By Dave Andrusko
Not many of us are going to plow through all 213 pages of Dobbs v. Jackson Women’s Health Organization, the Supreme Court decision that overturned Roe v. Wade and Casey. In the days and weeks to come, as time permits, we talk about some of the highlights of the opinion. We’ll begin today with Justice Samuel Alito’s painstaking rebuttal to the three dissenters.
Indeed, often, the best part of a decision are justices’ rebuttals to the arguments of their fellow justices. This one is no exception. In just a few pages, Justice Samuel Alito polishes off the dissents of justices Beyer, Sotomayor, and Kagan. He is largely reiterating points he had made in the draft opinion leaked to Politico. With all that time, it would have helped if the three dissenters had engaged them directly.
Point #1. No foundation.
“The dissent is very candid that it cannot show that a constitutional right to abortion has any foundation, let alone a“ ‘deeply rooted’” one, “‘in this Nation’s history and tradition.’” The dissent does not identify any pre-Roe authority that supports such a right—no state constitutional provision or statute, no federal or state judicial precedent, not even a scholarly treatise”
Point #2, Mystery of Life passage, Part Two, meets bad history. In the 1992 Casey decision, the plurality invoked gibberish so untettered to the Constitution it was reminiscent of Justice Blackmun’s original Roe v. Wade decision. As Alito writes,
The largely limitless reach of the dissenters’ standard is illustrated by the way they apply it here. First, if the “long sweep of history” imposes any restraint on the recognition of unenumerated rights, then Roe was surely wrong, since abortion was never allowed (except to save the life of the mother) in a majority of States for over 100 years before that decision was handed down. Second, it is impossible to defend Roe based on prior precedent because all of the precedents Roe cited, including Griswold and Eisenstadt, were critically different for a reason that we have explained: None of those cases involved the destruction of what Roe called “potential life.”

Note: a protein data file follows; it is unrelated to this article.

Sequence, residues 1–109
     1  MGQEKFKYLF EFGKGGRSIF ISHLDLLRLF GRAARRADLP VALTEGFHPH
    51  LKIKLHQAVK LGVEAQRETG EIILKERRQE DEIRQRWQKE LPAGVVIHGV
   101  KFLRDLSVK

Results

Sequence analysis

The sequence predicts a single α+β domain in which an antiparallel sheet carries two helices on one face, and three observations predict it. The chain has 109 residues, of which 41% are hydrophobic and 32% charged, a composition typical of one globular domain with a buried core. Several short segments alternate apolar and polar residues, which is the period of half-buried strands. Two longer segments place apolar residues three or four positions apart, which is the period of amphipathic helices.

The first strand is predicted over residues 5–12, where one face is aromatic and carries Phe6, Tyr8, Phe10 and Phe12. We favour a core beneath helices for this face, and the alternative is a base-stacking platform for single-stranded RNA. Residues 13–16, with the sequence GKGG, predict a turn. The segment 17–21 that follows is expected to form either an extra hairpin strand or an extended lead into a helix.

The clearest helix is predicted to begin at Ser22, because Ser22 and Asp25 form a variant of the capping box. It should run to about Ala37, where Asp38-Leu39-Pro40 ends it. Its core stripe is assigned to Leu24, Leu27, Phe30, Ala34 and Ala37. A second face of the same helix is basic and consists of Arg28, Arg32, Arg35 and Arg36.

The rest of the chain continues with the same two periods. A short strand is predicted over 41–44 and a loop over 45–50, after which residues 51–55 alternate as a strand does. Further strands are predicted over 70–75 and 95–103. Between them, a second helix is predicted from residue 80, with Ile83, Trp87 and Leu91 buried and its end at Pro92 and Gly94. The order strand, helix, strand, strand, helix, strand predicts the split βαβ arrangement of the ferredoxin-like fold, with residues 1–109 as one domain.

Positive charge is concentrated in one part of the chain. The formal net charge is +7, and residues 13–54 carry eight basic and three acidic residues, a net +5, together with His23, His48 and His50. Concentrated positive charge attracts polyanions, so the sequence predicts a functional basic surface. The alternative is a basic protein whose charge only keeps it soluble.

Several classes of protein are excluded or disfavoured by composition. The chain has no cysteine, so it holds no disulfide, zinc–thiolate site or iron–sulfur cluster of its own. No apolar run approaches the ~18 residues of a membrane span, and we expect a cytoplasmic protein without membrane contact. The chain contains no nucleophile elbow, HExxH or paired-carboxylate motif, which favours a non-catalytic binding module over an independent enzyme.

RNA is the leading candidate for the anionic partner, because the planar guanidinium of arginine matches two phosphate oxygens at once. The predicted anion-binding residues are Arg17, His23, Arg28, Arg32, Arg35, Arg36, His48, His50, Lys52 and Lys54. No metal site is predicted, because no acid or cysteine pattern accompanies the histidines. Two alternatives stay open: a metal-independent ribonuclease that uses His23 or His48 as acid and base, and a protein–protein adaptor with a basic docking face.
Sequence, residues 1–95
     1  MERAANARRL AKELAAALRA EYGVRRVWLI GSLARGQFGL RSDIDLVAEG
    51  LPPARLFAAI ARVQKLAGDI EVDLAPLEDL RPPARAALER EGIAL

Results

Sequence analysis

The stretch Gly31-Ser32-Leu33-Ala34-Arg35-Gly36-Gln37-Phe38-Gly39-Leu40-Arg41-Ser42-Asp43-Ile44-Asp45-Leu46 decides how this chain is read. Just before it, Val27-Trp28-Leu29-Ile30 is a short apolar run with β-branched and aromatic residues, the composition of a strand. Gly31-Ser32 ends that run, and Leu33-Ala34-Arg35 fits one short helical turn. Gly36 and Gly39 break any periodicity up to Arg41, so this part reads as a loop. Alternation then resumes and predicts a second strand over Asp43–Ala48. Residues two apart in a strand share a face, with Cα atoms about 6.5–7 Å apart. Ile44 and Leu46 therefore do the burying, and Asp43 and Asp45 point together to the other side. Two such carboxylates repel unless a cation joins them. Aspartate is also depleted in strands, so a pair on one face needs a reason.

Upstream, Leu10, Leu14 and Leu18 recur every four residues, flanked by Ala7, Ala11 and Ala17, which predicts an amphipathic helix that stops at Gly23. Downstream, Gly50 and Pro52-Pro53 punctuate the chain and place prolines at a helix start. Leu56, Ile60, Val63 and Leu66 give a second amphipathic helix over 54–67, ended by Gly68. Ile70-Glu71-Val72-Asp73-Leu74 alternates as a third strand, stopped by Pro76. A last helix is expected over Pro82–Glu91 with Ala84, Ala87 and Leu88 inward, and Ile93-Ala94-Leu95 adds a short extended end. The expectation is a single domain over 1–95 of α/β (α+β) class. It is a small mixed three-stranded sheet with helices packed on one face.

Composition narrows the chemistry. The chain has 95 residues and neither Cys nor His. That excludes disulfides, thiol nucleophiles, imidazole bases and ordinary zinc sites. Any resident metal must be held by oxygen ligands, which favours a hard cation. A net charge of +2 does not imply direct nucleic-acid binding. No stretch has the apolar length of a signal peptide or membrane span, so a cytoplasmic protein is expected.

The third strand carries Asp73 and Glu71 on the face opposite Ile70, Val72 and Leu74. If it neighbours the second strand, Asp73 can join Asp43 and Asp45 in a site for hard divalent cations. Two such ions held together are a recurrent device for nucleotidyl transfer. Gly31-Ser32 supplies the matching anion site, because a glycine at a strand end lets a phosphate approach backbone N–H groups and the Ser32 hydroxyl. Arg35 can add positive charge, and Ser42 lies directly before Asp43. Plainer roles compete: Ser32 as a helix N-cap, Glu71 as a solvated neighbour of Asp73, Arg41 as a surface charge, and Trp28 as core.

So without support in history or relevant precedent, Roe’s reasoning cannot be defended even under the dissent’s proposed test, and the dissent is forced to rely solely on the fact that a constitutional right to abortion was recognized in Roe and later decisions that accepted Roe’s interpretation. Under the doctrine of stare decisis, those precedents are entitled to careful and respectful consideration, and we engage in that analysis below. But as the Court has reiterated time and time again, adherence to precedent is not “‘an inexorable command.’” There are occasions when past decisions should be overruled, and as we will explain, this is one of them.
Point#3. Failure to realize that abortion is fundamentally different and that state’s have a legitimate interest in “potential life.”
The most striking feature of the dissent is the absence of any serious discussion of the legitimacy of the States’ interest in protecting fetal life. This is evident in the analogy that the dissent draws between the abortion right and the rights recognized in Griswold (contraception), Eisenstadt (same), Lawrence (sexual conduct with member of the same sex), and Obergefell (same-sex marriage). Perhaps this is designed to stoke unfounded fear that our decision will imperil those other rights, but the dissent’s analogy is objectionable for a more important reason: what it reveals about the dissent’s views on the protection of what Roe called “potential life.” The exercise of the rights at issue in Griswold, Eisenstadt, Lawrence, and Obergefell does not destroy a “potential life,” but an abortion has that effect. So if the rights at issue in those cases are fundamentally the same as the right recognized in Roe and Casey, the implication is clear: The Constitution does not permit the States to regard the destruction of a “potential life” as a matter of any significance. That view is evident throughout the dissent.
Point #4. Dobbs resembles other decisions now seen as “infamous.”
“Like the infamous decision in Plessy v. Ferguson, Roe was also egregiously wrong and on a collision course with the Constitution from the day it was decided. Casey perpetuated its errors, calling both sides of the national controversy to resolve their debate, but in doing so, Casey necessarily declared a winning side. Those on the losing side—those who sought to advance the State’s interest in fetal life—could no longer seek to persuade their elected representatives to adopt policies consistent with their views.”
Justice Alito’s opinion is a delight to read. We’ll revisit more of Dobbs tomorrow.